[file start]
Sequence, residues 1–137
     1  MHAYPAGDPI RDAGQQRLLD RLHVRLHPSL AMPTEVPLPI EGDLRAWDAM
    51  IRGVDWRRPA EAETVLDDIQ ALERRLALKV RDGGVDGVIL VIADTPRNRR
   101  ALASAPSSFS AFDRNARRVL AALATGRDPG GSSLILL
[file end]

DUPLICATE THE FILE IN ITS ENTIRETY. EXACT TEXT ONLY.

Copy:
Sequence, residues 1–137
     1  MHAYPAGDPI RDAGQQRLLD RLHVRLHPSL AMPTEVPLPI EGDLRAWDAM
    51  IRGVDWRRPA EAETVLDDIQ ALERRLALKV RDGGVDGVIL VIADTPRNRR
   101  ALASAPSSFS AFDRNARRVL AALATGRDPG GSSLILL